CNET también está disponible en español.

Ir a español

Don't show this again

Digital Media

Grammys will let streaming-only music compete for next year's awards

Most user-generated uploads to YouTube wouldn't count, though, even if they're 100 percent original.

gettyimages-538000492.jpg

Rapper Kanye West planned to release his album "Life of Pablo" only on subscription service Tidal this year.

Getty Images

The flashiest US music awards show will start considering tunes released solely through the music industry's biggest business now: streaming.

The group that runs the Grammy Awards said Thursday that streaming-only releases would be considered for next year's awards, set to be doled out in February for music released in the year since last October. Previously, music needed to be sold in a physical format or as a digital download to qualify, according to the rules set by the Recording Academy.

The Grammys change comes after streaming revenue overtook downloads (PDF) as the music industry's No. 1 business last year. It's rare for a high-profile release -- the kind likely to garner Grammy buzz -- to be sold solely on a streaming service.

Chance the Rapper is the exception. His "Coloring Book" was the first streaming-only release to chart on Billboard's album ranking in May. And Kanye West made waves earlier this year, when the capricious megastar said he would release his latest album only on Tidal, the subscription streaming music service owned by Jay Z and a slew of other music giants, including West himself. (West also sold it as a download on his own website, and later widened availability to Spotify and Apple Music.)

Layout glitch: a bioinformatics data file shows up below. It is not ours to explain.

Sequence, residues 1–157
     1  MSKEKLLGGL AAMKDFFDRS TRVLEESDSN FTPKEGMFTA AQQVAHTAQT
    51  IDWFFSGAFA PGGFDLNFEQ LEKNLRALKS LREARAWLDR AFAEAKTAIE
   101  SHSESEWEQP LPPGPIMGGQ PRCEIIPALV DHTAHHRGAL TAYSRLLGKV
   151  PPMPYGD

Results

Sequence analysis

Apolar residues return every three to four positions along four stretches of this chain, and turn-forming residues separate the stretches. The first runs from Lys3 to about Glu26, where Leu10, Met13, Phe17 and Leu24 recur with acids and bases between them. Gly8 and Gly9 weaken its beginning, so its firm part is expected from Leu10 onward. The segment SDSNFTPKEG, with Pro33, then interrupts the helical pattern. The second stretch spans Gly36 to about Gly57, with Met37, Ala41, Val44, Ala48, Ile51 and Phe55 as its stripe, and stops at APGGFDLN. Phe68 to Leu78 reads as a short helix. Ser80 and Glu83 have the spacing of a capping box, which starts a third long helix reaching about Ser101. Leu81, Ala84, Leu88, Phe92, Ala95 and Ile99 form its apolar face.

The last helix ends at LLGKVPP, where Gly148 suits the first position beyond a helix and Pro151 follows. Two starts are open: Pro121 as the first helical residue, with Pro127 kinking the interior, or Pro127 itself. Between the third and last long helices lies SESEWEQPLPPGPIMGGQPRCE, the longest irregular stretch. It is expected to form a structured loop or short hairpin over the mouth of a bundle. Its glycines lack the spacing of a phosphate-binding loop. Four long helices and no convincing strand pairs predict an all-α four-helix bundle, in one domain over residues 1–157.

But the Grammys didn't exactly open the floodgates to every original recording available online. To qualify, the recording needs to be on "paid subscription, full catalog, on-demand streaming/limited download platforms," so anything that somebody posts on the free tiers of YouTube and SoundCloud wouldn't count.

Grammy applicants also need to have an International Standard Recording Code, known as ISRC, which is a string of letters and numbers that identifies individual musical recordings. In the US, the RIAA administers the codes. Anyone can get one for a recording that's uniquely his or his own.